SOP`s: The 5 W`s and one H - Vanderbilt University Medical Center

SOP’s: The 5 W’s and One H
Tiffanie M. Markus, PhD, CCRP
Assistant Director, Cardiovascular Clinical Research
Vanderbilt University Medical Center
February 7, 2013
• To understand the importance of established
• To discuss how to develop new SOP’s for their
research team
• To identify ways to successfully implement
new SOP’s
SOP’s are an integral part of any
successful research program
The 5 W’s and H
What are SOP’s?
Who needs SOP’s?
When do you use SOP’s?
Where do you use SOP’s?
Why are SOP’s important?
How to establish SOP’s for your group?
What is an SOP?
• Standard Operating
Procedures (SOP’s) are a set
of written instructions that
document a routine activity
within your
Who Needs SOP’s
• Everyone who touches research!
• Although not required by FDA, they are implied:
Ex. - 21 CFR312.53 the investigator will “ensure that
all associates, colleagues, and employees assisting in
the conduct of the study (ies) are informed of their
obligations in meeting the above commitments.”
SOP’s are found throughout ICH GCP Guidelines.
Ex. - ICH GCP 2.13 -“Systems with procedures that
assure the quality of every aspect of the trial should
be implemented.”
When do you use SOP’s?
Every Day
In preparation for an audit/reivew
During an audit/review
Orienting new staff
Annual training
Where do you use SOP’s?
Sponsor’s site selection
Training new staff
Guiding all staff in daily processes
Monitor’s review
– Confidential Documents (internal review only)
• FDA or other regulatory body’s review
– Confidential Documents (internal review only)
Example disclosure:
Why are SOP’s important?
• Consistency
• Research quality & integrity
• all research being done follows ICH GCP, and institutional
policies to protect the rights and welfare of human study
• Written documentation of proper procedures
Why are SOP’s important?
• Toolbox for staff
• Documentation of staff training
• Can be used to standardize your practice
versus adapting to every sponsor’s requests
• Can be a pitfall if not followed
– If you have SOP’s you are expected to follow them
– You don’t what an FDA finding that you didn’t’
follow your own procedures
How to establish SOP’s for your group?
• Identify your needs
• Divide by functional groups
– Study Coordination, Regulatory, Data Mgmt…
• Make a plan
– Team approach?
– Lead author?
• Draft Ideas
– Outline relevant categories
– Outline steps
How to establish SOP’s for your group?
Check against other guidelines
Review, Review, Review
Let’s Get Started
• Make a list of Big Ticket Items (consider your weakest links)
– Informed Consent Process
– Assessing Sponsor Protocol Feasibility
– Safe Handling of Study Medications
– Subject Recruitment Process
– Regulatory Files and Subject Records
– Managing Sponsor CRO Audits
– Serious Adverse Event Reporting
– Responsibilities of the Clinical Research Team
– Investigational Drug Dispensing, Return, and Transport
– Trial Recruitment Expectation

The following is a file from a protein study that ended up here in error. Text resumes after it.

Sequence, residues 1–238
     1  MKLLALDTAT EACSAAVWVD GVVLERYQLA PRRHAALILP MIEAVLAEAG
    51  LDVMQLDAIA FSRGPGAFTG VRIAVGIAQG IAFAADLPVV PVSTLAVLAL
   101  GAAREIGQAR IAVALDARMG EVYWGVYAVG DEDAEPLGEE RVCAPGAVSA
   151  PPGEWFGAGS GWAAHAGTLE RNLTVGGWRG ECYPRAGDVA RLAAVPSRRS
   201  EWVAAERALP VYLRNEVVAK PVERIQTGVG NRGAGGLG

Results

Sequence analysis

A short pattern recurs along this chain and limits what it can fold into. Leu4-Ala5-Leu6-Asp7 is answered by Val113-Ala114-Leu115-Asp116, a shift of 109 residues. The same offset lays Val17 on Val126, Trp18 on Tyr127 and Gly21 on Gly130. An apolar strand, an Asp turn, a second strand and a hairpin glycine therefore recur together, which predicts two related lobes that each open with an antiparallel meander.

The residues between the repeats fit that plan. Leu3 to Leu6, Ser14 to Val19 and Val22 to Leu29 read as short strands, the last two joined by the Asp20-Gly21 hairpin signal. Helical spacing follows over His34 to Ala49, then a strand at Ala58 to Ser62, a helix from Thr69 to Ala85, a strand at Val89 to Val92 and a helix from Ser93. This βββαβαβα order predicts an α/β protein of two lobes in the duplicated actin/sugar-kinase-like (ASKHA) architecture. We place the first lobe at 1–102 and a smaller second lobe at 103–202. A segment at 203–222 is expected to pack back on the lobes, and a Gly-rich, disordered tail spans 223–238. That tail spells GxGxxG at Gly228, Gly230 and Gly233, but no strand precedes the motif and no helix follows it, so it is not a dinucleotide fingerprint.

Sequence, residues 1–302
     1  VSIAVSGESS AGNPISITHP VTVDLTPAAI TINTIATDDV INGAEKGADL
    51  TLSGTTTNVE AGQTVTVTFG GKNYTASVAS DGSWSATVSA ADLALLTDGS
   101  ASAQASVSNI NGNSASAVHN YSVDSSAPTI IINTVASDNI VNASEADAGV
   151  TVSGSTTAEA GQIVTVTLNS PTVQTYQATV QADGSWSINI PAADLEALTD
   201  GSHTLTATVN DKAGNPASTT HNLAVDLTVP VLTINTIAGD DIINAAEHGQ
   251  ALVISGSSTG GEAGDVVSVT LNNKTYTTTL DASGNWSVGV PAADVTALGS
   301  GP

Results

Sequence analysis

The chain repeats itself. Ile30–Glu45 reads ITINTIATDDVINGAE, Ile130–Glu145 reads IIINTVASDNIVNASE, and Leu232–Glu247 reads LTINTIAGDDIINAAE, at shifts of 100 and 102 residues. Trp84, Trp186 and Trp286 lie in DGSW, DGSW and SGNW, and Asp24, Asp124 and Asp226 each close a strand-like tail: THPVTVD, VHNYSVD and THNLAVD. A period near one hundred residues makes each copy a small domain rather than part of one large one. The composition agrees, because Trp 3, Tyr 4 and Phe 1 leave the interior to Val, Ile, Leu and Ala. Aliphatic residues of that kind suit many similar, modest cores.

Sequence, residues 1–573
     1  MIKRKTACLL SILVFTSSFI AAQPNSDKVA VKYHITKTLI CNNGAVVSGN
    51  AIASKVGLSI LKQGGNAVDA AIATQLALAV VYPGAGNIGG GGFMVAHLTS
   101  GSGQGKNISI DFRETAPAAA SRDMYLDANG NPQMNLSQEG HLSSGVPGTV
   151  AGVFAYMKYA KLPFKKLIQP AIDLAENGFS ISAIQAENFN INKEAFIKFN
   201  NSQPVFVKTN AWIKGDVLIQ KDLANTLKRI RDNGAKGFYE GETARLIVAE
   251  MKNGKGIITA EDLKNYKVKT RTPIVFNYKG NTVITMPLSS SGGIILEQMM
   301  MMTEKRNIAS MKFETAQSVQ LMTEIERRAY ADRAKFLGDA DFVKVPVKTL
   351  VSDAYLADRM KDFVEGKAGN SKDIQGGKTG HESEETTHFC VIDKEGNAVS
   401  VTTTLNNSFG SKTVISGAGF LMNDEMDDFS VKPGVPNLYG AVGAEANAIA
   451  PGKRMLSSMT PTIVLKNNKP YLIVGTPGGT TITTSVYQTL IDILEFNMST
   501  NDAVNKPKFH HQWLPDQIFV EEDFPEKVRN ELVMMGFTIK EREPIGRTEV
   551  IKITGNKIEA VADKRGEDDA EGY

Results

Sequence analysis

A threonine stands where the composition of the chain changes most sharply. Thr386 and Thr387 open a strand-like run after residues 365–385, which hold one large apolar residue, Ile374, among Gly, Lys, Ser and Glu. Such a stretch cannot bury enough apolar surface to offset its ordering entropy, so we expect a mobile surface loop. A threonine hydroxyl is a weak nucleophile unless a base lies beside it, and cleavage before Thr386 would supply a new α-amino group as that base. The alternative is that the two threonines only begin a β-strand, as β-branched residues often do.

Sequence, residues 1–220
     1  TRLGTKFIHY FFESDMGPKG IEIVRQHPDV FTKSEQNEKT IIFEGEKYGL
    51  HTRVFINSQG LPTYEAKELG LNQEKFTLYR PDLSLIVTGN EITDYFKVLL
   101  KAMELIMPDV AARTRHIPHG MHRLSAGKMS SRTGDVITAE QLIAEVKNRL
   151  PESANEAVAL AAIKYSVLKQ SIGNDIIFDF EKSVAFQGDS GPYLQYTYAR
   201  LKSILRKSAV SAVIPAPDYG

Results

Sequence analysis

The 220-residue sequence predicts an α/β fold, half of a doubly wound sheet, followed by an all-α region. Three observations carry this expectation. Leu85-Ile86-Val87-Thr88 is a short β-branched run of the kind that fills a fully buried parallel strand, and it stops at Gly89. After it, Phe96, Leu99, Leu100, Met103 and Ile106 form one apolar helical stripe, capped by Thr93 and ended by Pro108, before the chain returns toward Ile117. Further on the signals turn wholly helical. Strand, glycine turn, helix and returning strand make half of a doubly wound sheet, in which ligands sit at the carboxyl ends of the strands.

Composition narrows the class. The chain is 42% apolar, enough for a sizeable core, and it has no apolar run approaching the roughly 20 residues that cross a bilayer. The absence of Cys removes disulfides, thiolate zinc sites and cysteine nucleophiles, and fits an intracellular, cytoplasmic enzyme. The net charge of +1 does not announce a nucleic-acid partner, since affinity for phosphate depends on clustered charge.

– Managing FDA Inspections
• Prioritize
Suggested Elements?
State the purpose of the document
State the scope of the document
State who is responsible for following the procedures
Identify the other guidelines/policies that relevant to the
Define specialized terms
Outline instructions/procedures
Version control
Document review/approval process
Appendix: referenced documents
Get something on paper
• Consider your team/company setup
– What approach is going to work best?
• Create work groups to draft documents?
–One group to create all
–Divide topics across several groups/teams
–Utilize existing experts in your company
»Similar task?
• Assign a lead author?
–Then take to a group for feedback/review
Get something on paper (cont.)
• Brainstorm
– Think about how you do each step
– Consider what you know should happen in a
perfect world
– Look for more efficient ways to do things
– Start with main categories
– Drill down into the steps for each category
• Name responsible parties by role not name
Check Your Facts
• Most difficult part! Most important part!
– Review against other relevant guidelines/policies
FDA guidelines and CFR
IRB policy
Departmental policies/SOP’s
VUMC or company SOP’s
SOP Review Process
• Involve those who will do it everyday
– Better insight
– Better buy-in
• Involve leadership
– Key players with distinct expertise
– Upper management
SOP Approval
• Establish an approval process
– Who will review?
– Who will make decisions?
– Who will sign-off?
– Who is responsible for maintaining?
– Who is responsible for revisions?
– How to document?
• Should not be a surprise!
• Decide how to present to your group
– Group presentation/training
– Individual review of documents
• Paper copies
• Online review system (Learning Exchange, etc.)
– Must allow for tracking completion
• Should never happen without follow up face to face
Implementation (cont.)
• Regular Review (annually, etc.)
– Request staff feedback
– Keep all previous versions
• Accessible
– Binders
– Central Portals
– Online Systems
• Approval Process
– Sign and Date
• On actual document
• Separate Approval document
• Version Control (History of Changes; # & date)
– Track revisions from document to document
• On actual document
• Separate Approval document
• Effective Date
• Staff Training
– Sign and Date
• Signature log (paper or online system)
Helpful Resources (free)
• Working Practice Guidelines (WPG)
– Step by step instructions on how to do a specific job
– Should change more often then SOP’s
• SOP development assistance
– Your not alone and should not re-invent the wheel
– Other VU or company departments
– Duke Global Health Institute
– NCI (retired website, but SOP’s still available for download)
Comments & Questions?
Thank you!

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